- Years of professional experience, preferably relevant
- Competencies (what types of problems are you able to solve)
- A few of your most relevant skills
- Energy statement (what motivates you to solve your targeted problems)
- Your philosophical approach to your job
Professional Summary Example:
Data Scientist with a background in digital media, corporate social responsibility, international development, and gender equality. Skilled researcher with experience in machine learning algorithms, data processing tools, and statistical models. Earnestly enjoys asking creative questions of data and gleaning actionable insights.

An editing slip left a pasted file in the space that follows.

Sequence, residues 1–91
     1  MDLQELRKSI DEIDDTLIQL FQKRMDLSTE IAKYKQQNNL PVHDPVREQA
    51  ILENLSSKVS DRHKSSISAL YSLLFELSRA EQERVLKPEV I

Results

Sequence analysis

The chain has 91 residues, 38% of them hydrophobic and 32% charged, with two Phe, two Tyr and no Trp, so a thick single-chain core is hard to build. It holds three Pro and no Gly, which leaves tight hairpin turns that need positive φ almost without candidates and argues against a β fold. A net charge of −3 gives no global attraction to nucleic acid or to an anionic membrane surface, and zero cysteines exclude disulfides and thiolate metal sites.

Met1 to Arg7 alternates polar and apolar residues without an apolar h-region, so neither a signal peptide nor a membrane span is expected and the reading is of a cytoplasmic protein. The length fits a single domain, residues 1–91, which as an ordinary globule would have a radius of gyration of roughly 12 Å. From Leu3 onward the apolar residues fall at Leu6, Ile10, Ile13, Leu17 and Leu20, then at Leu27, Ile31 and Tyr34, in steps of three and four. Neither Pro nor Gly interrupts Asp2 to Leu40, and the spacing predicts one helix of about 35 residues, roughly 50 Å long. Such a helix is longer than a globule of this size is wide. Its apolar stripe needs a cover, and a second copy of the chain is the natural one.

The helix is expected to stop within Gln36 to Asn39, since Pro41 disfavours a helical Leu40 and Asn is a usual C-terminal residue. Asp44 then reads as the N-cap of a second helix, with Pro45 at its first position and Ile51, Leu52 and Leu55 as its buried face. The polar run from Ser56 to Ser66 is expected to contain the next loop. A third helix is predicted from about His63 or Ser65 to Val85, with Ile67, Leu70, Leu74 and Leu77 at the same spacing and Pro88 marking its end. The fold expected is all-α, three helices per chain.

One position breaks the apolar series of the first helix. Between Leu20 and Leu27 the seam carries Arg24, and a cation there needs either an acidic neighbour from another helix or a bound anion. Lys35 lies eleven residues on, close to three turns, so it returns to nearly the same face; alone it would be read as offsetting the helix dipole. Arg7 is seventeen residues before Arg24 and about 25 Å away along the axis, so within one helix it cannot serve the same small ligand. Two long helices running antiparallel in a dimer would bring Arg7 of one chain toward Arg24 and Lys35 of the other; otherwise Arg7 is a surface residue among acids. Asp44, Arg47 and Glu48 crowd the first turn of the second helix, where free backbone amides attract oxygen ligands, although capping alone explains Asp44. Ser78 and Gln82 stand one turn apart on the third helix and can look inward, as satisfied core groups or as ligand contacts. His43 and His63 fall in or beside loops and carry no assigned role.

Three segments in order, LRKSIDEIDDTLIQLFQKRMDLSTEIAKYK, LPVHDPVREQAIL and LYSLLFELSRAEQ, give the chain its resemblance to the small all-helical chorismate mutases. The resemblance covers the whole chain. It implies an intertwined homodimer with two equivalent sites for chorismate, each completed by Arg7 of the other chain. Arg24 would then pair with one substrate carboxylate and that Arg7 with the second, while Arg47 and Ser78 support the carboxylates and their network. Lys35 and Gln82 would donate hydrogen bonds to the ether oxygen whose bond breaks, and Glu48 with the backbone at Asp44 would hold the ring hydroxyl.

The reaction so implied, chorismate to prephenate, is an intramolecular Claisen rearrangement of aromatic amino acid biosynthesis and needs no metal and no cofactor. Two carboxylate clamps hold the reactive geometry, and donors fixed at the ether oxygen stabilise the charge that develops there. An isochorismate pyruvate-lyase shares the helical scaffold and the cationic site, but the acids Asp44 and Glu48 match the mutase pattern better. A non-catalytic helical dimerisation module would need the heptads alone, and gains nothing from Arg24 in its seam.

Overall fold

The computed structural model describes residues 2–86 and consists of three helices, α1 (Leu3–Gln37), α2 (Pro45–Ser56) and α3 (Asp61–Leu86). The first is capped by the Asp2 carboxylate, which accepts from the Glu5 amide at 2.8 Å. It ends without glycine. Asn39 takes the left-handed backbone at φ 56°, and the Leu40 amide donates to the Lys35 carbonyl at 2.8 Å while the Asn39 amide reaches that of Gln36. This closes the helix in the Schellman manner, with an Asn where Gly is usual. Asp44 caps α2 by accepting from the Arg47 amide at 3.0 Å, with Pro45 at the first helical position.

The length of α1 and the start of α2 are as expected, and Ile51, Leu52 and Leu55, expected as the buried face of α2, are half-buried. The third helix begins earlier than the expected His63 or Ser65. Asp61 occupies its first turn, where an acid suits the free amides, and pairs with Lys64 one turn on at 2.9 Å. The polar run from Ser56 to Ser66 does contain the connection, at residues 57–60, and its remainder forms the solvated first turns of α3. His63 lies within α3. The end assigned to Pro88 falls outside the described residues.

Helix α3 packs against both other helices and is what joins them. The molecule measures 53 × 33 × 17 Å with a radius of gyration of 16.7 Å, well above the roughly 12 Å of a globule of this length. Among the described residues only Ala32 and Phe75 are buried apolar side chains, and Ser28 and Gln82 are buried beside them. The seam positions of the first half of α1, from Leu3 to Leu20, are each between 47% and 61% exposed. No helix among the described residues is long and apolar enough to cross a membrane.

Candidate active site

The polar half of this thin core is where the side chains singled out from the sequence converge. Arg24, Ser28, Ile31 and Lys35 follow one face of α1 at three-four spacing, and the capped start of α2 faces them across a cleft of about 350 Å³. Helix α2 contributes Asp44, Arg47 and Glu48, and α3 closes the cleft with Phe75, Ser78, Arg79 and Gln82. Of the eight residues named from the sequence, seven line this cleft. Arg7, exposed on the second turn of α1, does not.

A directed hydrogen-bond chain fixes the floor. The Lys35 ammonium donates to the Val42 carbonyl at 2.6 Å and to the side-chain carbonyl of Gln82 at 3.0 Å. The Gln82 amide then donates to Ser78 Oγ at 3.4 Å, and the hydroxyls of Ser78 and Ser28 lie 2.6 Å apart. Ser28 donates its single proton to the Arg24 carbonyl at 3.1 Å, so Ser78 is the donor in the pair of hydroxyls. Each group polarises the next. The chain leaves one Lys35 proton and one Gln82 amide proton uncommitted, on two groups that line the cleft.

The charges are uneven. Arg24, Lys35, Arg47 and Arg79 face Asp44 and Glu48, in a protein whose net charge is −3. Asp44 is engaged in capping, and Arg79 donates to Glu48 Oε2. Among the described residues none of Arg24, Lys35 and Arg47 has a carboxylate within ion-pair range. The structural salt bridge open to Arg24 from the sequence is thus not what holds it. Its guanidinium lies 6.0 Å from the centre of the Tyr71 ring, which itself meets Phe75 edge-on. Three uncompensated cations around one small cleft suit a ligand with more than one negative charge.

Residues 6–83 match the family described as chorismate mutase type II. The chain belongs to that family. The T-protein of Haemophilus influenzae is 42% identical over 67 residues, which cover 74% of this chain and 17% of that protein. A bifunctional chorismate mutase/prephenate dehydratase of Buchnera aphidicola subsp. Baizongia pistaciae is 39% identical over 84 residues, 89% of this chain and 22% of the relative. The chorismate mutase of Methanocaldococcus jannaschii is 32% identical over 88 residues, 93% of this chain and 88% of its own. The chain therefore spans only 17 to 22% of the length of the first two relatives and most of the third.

In his over 20 year career, James Van has helped thousands find their next job. James began his career as a technical recruiter in Silicon Valley and San Francisco. After nine years of recruiting, James completed his Masters in Counselor Education at San Jose State University and transitioned into career counseling and coaching. James has supported the career growth of his students at institutions such as UC Berkeley, Hult International Business School, and Galvanize. He recently joined SoloLearn , a self-paced earn-to-code platform providing excellent technical instruction. In his personal hours, James enjoys spending his time with his family, windsurfing, surfing, and cycling.